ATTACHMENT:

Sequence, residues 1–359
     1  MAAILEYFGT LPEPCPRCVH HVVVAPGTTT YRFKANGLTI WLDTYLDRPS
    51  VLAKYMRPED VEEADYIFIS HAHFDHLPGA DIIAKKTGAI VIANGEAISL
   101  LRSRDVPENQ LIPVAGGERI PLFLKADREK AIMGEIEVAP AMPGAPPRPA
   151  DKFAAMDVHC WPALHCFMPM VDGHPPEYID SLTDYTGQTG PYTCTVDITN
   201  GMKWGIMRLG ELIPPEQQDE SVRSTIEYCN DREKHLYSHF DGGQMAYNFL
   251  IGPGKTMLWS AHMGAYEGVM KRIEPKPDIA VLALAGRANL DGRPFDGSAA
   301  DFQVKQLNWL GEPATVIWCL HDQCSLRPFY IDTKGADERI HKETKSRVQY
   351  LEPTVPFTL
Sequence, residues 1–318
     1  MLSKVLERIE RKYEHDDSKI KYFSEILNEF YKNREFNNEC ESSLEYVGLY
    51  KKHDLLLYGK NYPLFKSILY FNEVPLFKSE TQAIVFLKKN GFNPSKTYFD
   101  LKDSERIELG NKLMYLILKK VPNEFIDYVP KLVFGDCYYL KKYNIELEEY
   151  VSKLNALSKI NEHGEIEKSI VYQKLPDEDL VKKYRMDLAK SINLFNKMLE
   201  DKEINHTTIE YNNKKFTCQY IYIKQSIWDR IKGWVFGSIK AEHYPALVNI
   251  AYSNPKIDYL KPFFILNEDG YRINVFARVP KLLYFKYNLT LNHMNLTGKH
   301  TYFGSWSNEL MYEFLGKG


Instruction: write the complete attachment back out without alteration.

Sequence, residues 1–359
     1  MAAILEYFGT LPEPCPRCVH HVVVAPGTTT YRFKANGLTI WLDTYLDRPS
    51  VLAKYMRPED VEEADYIFIS HAHFDHLPGA DIIAKKTGAI VIANGEAISL
   101  LRSRDVPENQ LIPVAGGERI PLFLKADREK AIMGEIEVAP AMPGAPPRPA
   151  DKFAAMDVHC WPALHCFMPM VDGHPPEYID SLTDYTGQTG PYTCTVDITN
   201  GMKWGIMRLG ELIPPEQQDE SVRSTIEYCN DREKHLYSHF DGGQMAYNFL
   251  IGPGKTMLWS AHMGAYEGVM KRIEPKPDIA VLALAGRANL DGRPFDGSAA
   301  DFQVKQLNWL GEPATVIWCL HDQCSLRPFY IDTKGADERI HKETKSRVQY
   351  LEPTVPFTL
Sequence, residues 1–318
     1  MLSKVLERIE RKYEHDDSKI KYFSEILNEF YKNREFNNEC ESSLEYVGLY
    51  KKHDLLLYGK NYPLFKSILY FNEVPLFKSE TQAIVFLKKN GFNPSKTYFD
   101  LKDSERIELG NKLMYLILKK VPNEFIDYVP KLVFGDCYYL KKYNIELEEY
   151  VSKLNALSKI NEHGEIEKSI VYQKLPDEDL VKKYRMDLAK SINLFNKMLE
   201  DKEINHTTIE YNNKKFTCQY IYIKQSIWDR IKGWVFGSIK AEHYPALVNI
   251  AYSNPKIDYL KPFFILNEDG YRINVFARVP KLLYFKYNLT LNHMNLTGKH
   301  TYFGSWSNEL MYEFLGKG